Health: Loners may suffer from autism
Jeremy Laurance is a writer on health issues. He is former health editor of The Independent and the i and has covered the specialism for more than 20 years. He thinks the harm medicine does is under-appreciated, the harm it prevents over-rated, and that cycling works better than most drugs. He was named Specialist Journalist of the Year in the 2011 British Press Awards.
Friday 12 December 1997
Autism, the condition characterised by social withdrawal, lack of empathy and indifference to others may affect people in a mild form so that it merges into "what can be called eccentric normality", according to a leading psychiatrist.
The condition, which is thought to affect up to 5,000 people and has a genetic cause, is marked by problems of social interaction, communication and imagination. Autistic people lack the capacity to read social situations, tend to be socially clumsy and suffer isolation as a result. It is fascinating because it disturbs something that is at the core of being human.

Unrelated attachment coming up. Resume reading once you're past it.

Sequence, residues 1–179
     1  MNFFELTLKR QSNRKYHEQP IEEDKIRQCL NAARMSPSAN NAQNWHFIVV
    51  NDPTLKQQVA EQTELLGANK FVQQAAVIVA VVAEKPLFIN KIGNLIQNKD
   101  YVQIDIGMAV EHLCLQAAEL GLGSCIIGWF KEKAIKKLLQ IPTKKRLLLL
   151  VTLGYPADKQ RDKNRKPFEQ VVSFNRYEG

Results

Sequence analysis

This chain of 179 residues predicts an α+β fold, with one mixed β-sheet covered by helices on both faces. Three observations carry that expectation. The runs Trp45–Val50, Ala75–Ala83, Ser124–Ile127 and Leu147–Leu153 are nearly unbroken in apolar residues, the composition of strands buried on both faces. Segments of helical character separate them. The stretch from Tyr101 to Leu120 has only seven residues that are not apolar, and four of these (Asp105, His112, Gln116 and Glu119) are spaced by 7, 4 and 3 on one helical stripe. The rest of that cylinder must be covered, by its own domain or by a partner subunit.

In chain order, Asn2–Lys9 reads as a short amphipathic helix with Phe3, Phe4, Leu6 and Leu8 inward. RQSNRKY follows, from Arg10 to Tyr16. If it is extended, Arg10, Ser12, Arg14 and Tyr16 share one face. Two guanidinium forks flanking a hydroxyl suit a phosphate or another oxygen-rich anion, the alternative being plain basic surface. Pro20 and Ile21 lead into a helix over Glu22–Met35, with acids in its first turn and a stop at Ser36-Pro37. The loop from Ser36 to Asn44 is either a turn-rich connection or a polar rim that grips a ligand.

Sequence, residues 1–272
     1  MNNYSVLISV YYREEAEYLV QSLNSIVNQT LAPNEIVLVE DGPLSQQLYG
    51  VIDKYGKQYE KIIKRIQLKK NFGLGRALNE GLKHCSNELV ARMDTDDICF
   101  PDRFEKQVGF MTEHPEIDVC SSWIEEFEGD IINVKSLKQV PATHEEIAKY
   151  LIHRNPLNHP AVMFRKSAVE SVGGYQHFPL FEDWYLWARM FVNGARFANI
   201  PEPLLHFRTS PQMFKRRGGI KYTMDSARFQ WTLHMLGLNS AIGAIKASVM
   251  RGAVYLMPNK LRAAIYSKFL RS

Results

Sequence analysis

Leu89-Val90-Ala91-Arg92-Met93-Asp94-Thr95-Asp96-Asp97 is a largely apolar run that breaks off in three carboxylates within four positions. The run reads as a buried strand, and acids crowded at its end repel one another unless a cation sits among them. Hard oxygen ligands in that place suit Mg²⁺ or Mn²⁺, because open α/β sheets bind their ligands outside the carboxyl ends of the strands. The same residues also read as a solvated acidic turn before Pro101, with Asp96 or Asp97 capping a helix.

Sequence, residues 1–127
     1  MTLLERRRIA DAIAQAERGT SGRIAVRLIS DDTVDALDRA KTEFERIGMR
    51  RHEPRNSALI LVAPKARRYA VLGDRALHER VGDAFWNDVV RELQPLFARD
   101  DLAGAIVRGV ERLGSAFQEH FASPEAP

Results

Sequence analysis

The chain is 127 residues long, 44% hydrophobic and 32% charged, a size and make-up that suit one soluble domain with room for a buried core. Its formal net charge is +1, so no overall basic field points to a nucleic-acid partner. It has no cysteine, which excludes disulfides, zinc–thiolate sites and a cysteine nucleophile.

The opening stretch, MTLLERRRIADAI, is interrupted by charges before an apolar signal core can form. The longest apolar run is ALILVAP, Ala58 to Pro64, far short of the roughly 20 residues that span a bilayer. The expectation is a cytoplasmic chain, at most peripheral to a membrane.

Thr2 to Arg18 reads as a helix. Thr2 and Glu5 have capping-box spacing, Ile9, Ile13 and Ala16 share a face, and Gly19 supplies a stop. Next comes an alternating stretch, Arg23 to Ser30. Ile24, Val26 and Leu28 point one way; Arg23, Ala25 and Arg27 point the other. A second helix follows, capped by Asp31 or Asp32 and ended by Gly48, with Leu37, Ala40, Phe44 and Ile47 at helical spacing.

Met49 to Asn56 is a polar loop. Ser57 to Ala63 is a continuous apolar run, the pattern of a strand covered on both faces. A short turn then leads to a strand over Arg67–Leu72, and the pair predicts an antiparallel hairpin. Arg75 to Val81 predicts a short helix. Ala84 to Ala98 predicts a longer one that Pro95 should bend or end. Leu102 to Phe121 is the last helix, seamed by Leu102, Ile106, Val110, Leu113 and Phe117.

Dr Lorna Wing of the Centre for Social and Communication Disorders in Bromley, Kent, says that although most people have an image of autism as severely disabling, in some sufferers impairment is so subtle that they may be seen as simply loners. They tend to be absorbed in their own interests and lack empathy for others. Some marry but partners tend to feel a lack of emotional rapport.
Writing in the Lancet, Dr Wing says there is no cure, but people with autism can be helped with education tailored to their disabilities. Their schooldays are often stressful because they will not conform to demands of teachers or fellow pupils.
"Most are happier as adults and may follow successful careers, sometimes of high academic distinction. Some learn the rules of social interaction by rote, while others remain solitary by choice."
However, she adds: "High functioning people with autistic disorders have been able to describe their experiences of the world as a confusing and frightening place."
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